Fed View: Dovish shift suggests a prolonged pause – Comments from Fed officials in recent weeks have provided further confirmation of a significant dovish shift on the FOMC. This has occurred not just among the centrist leadership on the Fed board, but also the hawks. For instance, Cleveland Fed president Mester – among the most hawkish until recently – said last Friday that she did not ‘feel an urgency to increase rates’ and that ‘we have to take into account that financial market conditions have tightened’. Indeed, tighter financial conditions (driven chiefly by equity market weakness), alongside mounting downside risks to the global economy, are the primary drivers of this dovish shift, in our view.
Accelerating wage growth alone unlikely to trigger more tightening
As a result of this shift in signalling from the Fed, and our view that the economy is on a cooling trajectory, we have removed the last remaining hike we had forecast for this year (as recently as November, we had projected two 2019 hikes). As Chair Powell has emphasised, the fed funds rate is already at the lower end of the range of estimates for neutral. For the Fed to resume rate hikes and to take rates into potentially restrictive territory, we believe one or both of two conditions would need to be fulfilled: 1) growth picking up again to rates well above potential (c.1.8%), 2) core inflation showing sustained signs of acceleration. We do not believe accelerating wage growth alone will be enough to push the Fed to tighten further.
But rate cuts also look unlikely
Atlanta Fed President Bostic said today that the ‘next rate move could be up or down’ and would be ‘driven by the data’. While this appears to have weakened the dollar, we think it merely emphasises that Fed policy will be more data dependent from hereon, and we note that in separate remarks on Monday Bostic said that he expects one more rate hike in 2019. Indeed, we believe the tightening bias will be maintained by the Fed (i.e. the dots will likely still show one or two rate hikes on the horizon), and that the bar will be high for the Fed to shift to an easing bias and to start cutting rates. For this, there would have to be a meaningful risk of the US entering a recession. On our forecast horizon – to 2020 – we think this is unlikely. While the investment cycle has likely peaked (as pointed to by the recent dramatic fall in the ISM), and there are risks in corporate debt for instance, private consumption should remain solid, and – the current shutdown notwithstanding – government spending is projected to increase sharply in 2019. These factors should keep growth somewhat above trend over the coming year, offsetting the softening in manufacturing and investment (see our US Outlook 2019 for more).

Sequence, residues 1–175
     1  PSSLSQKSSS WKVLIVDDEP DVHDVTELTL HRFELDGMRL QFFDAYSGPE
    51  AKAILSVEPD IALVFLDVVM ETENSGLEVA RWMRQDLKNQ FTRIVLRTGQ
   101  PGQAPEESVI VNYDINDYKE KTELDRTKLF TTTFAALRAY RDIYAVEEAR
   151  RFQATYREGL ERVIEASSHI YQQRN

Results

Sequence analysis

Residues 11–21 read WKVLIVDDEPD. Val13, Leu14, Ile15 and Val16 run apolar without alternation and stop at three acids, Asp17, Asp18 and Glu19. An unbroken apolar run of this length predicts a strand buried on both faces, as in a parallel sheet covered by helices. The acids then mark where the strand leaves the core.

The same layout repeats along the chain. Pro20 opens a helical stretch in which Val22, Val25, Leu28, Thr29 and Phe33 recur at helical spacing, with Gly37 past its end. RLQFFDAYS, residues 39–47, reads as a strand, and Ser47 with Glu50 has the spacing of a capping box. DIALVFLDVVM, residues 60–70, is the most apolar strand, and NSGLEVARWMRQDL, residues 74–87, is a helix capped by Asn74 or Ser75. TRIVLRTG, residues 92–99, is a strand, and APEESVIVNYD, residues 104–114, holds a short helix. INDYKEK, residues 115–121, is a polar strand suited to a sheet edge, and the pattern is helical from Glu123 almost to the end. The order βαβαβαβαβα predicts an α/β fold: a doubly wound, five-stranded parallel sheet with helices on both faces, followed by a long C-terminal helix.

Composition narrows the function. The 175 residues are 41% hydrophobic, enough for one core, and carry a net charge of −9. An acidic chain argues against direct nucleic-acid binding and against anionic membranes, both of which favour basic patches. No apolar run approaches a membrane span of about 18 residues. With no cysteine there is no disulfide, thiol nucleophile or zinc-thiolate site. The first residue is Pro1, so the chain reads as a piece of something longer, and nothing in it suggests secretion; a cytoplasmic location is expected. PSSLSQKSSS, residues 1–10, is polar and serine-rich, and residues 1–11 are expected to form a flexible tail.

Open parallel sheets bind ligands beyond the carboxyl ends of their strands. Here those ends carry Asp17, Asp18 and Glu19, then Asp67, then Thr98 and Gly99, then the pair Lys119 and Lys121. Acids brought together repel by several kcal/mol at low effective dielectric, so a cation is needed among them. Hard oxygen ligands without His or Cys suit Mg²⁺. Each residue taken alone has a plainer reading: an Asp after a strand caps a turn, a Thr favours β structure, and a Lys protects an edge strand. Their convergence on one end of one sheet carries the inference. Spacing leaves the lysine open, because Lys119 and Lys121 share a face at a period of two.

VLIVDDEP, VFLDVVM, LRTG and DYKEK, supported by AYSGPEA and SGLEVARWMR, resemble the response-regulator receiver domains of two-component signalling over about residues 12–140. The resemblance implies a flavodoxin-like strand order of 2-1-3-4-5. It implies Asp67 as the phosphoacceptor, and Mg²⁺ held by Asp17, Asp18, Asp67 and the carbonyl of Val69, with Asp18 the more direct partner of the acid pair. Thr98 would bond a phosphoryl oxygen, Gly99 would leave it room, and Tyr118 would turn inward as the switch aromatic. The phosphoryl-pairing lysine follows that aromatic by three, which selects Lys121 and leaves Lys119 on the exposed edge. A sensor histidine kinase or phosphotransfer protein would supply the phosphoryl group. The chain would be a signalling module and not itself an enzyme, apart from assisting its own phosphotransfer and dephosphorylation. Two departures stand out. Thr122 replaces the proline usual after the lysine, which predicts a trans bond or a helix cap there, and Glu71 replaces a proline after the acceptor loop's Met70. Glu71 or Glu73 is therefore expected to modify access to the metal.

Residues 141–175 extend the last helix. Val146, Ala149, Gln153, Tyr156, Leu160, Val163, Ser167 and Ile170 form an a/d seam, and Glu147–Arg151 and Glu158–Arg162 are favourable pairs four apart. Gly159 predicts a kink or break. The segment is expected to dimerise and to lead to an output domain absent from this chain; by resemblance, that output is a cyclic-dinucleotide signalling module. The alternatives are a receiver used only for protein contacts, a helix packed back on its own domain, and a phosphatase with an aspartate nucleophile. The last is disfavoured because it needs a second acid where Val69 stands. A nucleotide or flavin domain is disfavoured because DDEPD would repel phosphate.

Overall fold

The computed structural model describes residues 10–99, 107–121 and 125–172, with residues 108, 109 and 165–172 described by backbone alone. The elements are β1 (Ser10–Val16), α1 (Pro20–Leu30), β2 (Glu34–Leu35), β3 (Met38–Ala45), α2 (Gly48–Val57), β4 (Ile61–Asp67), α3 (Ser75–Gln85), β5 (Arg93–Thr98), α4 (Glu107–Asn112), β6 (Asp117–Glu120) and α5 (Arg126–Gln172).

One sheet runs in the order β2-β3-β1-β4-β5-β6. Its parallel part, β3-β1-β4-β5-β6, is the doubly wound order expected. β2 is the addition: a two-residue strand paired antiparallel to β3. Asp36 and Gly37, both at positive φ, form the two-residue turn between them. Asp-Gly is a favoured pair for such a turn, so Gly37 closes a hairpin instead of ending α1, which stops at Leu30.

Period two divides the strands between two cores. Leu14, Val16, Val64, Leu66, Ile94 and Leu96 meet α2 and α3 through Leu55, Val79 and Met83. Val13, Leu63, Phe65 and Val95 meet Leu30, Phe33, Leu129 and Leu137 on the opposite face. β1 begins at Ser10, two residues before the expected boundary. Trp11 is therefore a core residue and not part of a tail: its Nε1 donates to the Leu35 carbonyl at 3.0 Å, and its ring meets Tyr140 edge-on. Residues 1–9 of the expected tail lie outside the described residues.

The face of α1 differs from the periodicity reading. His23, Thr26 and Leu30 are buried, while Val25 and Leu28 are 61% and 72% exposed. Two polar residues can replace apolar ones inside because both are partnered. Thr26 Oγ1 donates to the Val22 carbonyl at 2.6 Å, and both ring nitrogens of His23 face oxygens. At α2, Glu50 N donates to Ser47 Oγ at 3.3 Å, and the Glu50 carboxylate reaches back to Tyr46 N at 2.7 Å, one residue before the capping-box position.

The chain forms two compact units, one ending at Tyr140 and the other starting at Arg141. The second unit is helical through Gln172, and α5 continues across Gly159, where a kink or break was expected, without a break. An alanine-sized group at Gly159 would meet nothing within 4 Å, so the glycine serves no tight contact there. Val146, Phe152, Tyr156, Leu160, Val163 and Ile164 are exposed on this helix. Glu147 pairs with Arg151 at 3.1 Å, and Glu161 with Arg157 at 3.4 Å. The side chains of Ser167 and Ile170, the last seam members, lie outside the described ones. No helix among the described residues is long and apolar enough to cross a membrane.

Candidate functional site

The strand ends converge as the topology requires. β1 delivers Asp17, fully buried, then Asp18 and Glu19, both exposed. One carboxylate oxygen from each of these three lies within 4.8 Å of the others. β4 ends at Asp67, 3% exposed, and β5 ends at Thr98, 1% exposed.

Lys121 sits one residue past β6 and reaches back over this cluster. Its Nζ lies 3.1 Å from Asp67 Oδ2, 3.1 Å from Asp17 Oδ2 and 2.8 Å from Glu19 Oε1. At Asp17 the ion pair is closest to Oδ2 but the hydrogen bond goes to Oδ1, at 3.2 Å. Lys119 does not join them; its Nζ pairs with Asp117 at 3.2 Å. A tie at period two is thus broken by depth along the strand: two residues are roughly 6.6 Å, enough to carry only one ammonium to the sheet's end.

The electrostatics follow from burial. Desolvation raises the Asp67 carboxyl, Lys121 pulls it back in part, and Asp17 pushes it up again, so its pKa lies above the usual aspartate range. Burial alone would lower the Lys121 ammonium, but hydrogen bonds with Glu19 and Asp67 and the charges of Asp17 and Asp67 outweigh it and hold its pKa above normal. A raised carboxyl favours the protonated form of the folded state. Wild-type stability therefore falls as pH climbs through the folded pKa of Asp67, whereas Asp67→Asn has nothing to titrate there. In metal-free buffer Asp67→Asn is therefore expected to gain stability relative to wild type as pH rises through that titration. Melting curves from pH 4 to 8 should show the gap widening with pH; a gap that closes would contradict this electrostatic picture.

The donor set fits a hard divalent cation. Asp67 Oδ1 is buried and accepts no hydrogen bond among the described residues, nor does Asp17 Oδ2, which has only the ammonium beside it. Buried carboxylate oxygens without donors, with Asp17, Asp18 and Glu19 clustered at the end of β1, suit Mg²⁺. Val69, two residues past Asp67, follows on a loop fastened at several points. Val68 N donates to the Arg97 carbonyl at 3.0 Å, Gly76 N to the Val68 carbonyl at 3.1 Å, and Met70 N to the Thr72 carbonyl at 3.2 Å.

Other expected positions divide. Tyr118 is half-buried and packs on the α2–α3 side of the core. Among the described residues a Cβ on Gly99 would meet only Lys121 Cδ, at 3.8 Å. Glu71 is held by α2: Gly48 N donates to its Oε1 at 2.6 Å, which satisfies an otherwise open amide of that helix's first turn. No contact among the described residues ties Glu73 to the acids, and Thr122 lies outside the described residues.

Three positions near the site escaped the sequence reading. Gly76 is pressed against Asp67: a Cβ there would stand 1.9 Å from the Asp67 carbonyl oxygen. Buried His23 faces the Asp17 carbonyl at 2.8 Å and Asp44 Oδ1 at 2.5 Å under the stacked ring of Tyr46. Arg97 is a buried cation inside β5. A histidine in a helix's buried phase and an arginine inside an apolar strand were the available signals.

What about the balance sheet?
Chair Powell last Friday signalled more flexibility on the balance sheet runoff than he had until recently, stating “If we ever came to the conclusion that any aspect of our plans was somehow interfering with our attainment of our statutory goals, we wouldn’t hesitate to change it, and that would include the balance sheet.“ The Fed has been at pains to downplay the impact of the balance sheet runoff, and has indicated consistently – both in public commentary and in the FOMC minutes – that its preference is for interest rates to be the primary tool of monetary policy, because rates have a more clear and direct impact on the economy. However, should recession risks materialise, it would look odd for the Fed to reduce rates while continuing to allow its balance sheet to run down. That Chair Powell has indicated more flexibility in public suggests this could become a key topic of discussion on the FOMC in the coming months.